I thought it was odd that State didn’t name Rogers one of the three players to attend SEC Media Days. But Leach spoke highly of his QB on Tuesday.

“Will stepped in and had great leadership qualities, wasn’t afraid to talk to the locker room as a freshman, which I think is one of the more impressive, courageous things that he did,” Leach said. “It allowed him to excel early. It allowed him to focus in on playing because he didn’t have some of that stage fright that initial freshmen do. I think it allowed him to progress quicker.

“Also, I think it allowed the team to draw from him and kind of unify things. I think that was very impressive. I think Will’s going to get better and better. The better he synchronizes with the other offensive players, the better everybody is.

“Then sometimes I think it’s difficult to define what’s Will, what’s the receivers, what’s the running backs, what’s the O-line. But that’s the thing, football is a team game. Everybody together is the most important part of it.”

Rogers will have dependable targets in sophomore Jaden Walley, who caught 55 passes for 628 yards and six TDs, and senior Austin Williams (52 catches, 617 yards, 4 TDs a year ago).

But here is the bottom line: Even with Rogers’ outstanding numbers, the Bulldogs finished tied for ninth in the SEC in points per game (29.1).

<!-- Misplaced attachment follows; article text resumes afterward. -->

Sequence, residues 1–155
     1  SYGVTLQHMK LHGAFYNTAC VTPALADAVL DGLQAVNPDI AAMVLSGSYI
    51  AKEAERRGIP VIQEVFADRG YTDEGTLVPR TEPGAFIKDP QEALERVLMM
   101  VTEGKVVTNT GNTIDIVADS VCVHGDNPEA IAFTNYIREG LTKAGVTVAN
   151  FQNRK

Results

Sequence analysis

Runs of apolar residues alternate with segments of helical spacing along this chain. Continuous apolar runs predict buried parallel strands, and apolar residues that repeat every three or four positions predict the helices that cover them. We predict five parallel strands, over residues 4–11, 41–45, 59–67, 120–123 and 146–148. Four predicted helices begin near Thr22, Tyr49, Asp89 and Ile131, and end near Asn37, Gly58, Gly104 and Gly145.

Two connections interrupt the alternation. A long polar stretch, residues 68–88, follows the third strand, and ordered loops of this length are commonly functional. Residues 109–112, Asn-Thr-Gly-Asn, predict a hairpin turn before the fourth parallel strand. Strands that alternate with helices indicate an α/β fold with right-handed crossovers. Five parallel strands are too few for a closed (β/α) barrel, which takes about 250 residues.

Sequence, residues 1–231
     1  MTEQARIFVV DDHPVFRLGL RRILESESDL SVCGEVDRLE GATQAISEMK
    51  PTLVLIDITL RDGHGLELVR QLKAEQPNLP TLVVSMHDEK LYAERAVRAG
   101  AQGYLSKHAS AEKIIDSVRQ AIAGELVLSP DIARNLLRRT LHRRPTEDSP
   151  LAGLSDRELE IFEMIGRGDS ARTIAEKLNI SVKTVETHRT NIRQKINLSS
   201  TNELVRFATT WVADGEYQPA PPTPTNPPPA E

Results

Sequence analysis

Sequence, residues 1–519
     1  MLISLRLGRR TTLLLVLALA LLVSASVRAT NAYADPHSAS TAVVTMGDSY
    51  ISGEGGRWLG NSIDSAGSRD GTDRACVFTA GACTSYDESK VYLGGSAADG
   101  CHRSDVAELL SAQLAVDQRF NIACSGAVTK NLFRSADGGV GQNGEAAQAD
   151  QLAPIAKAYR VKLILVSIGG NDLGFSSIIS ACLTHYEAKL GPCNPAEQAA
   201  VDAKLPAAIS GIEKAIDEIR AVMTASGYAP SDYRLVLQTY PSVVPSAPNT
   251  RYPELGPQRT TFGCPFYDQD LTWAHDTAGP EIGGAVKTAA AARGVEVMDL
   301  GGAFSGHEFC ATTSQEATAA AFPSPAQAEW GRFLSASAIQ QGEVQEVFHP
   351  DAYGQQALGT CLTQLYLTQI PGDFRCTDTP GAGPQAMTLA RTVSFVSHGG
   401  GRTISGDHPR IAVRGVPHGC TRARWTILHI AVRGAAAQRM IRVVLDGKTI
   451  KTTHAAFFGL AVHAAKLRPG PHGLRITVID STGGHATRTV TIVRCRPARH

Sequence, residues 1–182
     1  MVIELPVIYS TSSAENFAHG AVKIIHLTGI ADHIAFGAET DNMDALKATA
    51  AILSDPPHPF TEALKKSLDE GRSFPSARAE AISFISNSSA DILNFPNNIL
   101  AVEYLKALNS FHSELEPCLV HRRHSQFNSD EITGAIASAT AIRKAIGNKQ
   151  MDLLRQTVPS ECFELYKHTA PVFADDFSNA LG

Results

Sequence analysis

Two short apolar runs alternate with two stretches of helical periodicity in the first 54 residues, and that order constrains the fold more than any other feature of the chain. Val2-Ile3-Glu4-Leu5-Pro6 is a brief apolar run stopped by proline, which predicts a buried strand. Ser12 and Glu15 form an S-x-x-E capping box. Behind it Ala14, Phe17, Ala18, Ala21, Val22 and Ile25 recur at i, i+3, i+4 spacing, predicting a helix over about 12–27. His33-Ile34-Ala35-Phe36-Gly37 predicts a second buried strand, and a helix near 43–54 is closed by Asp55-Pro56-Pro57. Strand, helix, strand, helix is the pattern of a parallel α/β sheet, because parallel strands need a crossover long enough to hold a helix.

Maybe a little more run-pass balance would make a difference. It seems worth a try.

         More Leach notes from Media Days

         *** Leach didn’t give an opening statement, which was questioned by one sports writer. Leach explained: “I hate opening statements. I really don’t see the point of it. So as opposed to me sit there and think of some flowery opening statement, which I’ve done before, and then at the end of the opening statement a number of people ask questions that have already been addressed in my opening statement, I decided we’d just sort of cut out the middleman. You go ahead and ask the questions, and I’ll go ahead and answer ‘em.”

         *** A writer asked if it would hurt his offense, now that SEC teams had seen it the past two years.

“Football has always been a game of execution,” Leach said. “There’s not a lot of Roadrunner/Wile E. Coyote, who you ambush, fool the other guy, then you walk away laughing like Muttley after the rock fell on the guy or something like that. It’s always been a game of execution. It doesn’t matter what you do schematically, you have to execute well.”

         *** Leach was asked his thoughts on trick plays.

“Trick plays have a value of the opponent seeing ’em just from the standpoint now they have to adjust and they have to deal with something,” Leach said. “The other thing, their imagination of course could go wild on what else may be coming. So it does create a certain amount of psychological damage whether it works or not.”

“I mean, there’s all kinds of trick plays. I can think of all kinds of them. The rules have somewhat aggressively tried to prevent trick plays, which I don’t care for that approach.”

“I actually wish we still had drop kicks. I had the perfect guy to do it, too, at Washington State. Logan Tago (a defensive linemen). He would drop kick it about 50 yards out.”